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Isherwood v. Douglas

Decided: March 17, 1955.

ROBERT D. ISHERWOOD AND MIRIAM Y. ISHERWOOD, PLAINTIFFS-RESPONDENTS,
v.
JAMES DOUGLAS, JOHN ACKER AND DOCKERY-SULLIVAN CORPORATION, A CORPORATION OF THE STATE OF NEW JERSEY, DEFENDANTS-APPELLANTS. MARION DOUGLAS AND JAMES DOUGLAS, PLAINTIFFS-RESPONDENTS, V. JOHN C. ACKER AND DOCKERY-SULLIVAN CORPORATION, JOINTLY, SEVERALLY AND IN THE ALTERNATIVE, DEFENDANTS-APPELLANTS



Goldmann, Freund and Conford. The opinion of the court was delivered by Conford, J.A.D.

Conford

These are appeals from judgments entered upon jury verdicts in two consolidated actions arising out of a single automobile accident and tried together. There was a collision in the early morning of January 31, 1953 between two cars at the intersection of Route 23 and Packanack Road in Wayne Township. The Douglas car was in the intersection, proceeding westerly on Packanack Road when it was struck broadside by the Acker car, driving northerly on Route 23. The Isherwoods and Marion Douglas were passengers in the Douglas car. Acker was driving alone. His car was a brand new Lincoln owned by the defendant Dockery-Sullivan Corporation, Lincoln-Mercury dealers. Acker was a salesman-employee of the company, on his way to his home in Wayne Township that night with the car, allegedly for the purpose of having it available to show a prospective customer in Newark at 8:30 A.M. in the morning. His authorization for possession of the car for that or any other purpose at the time was in sharp factual dispute at the trial.

At the conclusion of the trial motions for dismissal on behalf of each of the defendants were denied. Objections were noted by the defendant Douglas to certain portions of

the charge of the court bearing upon his duty. In the Isherwood action the jury returned a verdict in favor of Robert D. Isherwood and Miriam Y. Isherwood in the respective sums of $2,000 and $9,000 against all the defendants therein named, and in the Douglas action it found in favor of Marion Douglas against the defendants therein for $4,000.

We have here to deal with the following appeals:

(1) By the Dockery-Sullivan Corporation as to the verdicts in both cases on the grounds: (a) that Acker should have been found as a matter of law not to have been occupied in the course of his employment by the company at the time of the accident; (b) that the jury verdicts against it were clearly the result of prejudice, passion or mistake and contrary to the weight of evidence; and (c) that the charge of the trial court in effect called for a verdict against it in both cases;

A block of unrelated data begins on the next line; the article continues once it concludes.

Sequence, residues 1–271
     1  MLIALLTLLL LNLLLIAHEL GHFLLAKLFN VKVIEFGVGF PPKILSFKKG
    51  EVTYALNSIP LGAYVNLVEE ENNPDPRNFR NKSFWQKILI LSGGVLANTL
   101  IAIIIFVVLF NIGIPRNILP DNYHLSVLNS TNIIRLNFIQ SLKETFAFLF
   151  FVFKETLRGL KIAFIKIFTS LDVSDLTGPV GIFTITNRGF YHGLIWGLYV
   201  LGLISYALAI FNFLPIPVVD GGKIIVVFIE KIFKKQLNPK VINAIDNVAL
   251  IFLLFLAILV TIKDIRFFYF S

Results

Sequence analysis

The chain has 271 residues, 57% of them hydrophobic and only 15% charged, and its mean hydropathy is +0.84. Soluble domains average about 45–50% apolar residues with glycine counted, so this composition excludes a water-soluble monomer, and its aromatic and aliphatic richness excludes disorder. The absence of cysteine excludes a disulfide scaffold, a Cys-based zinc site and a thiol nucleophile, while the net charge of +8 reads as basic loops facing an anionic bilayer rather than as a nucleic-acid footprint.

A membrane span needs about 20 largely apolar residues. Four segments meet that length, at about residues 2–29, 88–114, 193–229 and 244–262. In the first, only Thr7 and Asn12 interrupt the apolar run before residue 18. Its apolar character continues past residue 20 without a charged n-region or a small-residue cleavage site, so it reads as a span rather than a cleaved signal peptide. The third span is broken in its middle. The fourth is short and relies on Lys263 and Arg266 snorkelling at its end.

(2) By Douglas on the ground that the charge of the trial court to the jury was erroneously prejudicial in respect to its admeasurement of his duty in the circumstances.

1. APPEAL OF DOCKERY-SULLIVAN CORPORATION

The principal asserted grievance of this defendant, that first above noted, is founded upon the fact that after taking the car from its place of storage in Verona on the evening of January 30, the defendant Acker first drove it to Newark to visit a newly opened tavern where he tarried several hours and had a few drinks before proceeding homeward about midnight. From this premise Dockery-Sullivan Corporation erects the conclusion that "reasonable minds could reach no conclusion other than that at the time [of this accident] Acker was not in the course of his employment or the scope of his authority as a salesman for the defendant Dockery-Sullivan Corporation but was acting for his own purpose and enjoyment." There is no suggestion that Acker's experience at the tavern had impaired his driving capacity. The narrow issue presented is as to whether the prior deviation to the

tavern from the authorized course homeward from the point of appropriation of the car had the effect in law of taking the agent out of the course of employment on behalf of his master and keeping him out until he finally arrived at home. For that is the logical thrust of the argument under examination. Acker was almost home when the accident occurred and had, on his return journey, passed the point in Verona from which he had taken the car earlier.

While Acker's authority to take the car in the first place was in contention at the trial, the trial court found the evidence relevant to that issue such as to require its submission to the jury. This course appears to us to have been right and since no serious argument contra is made by ...


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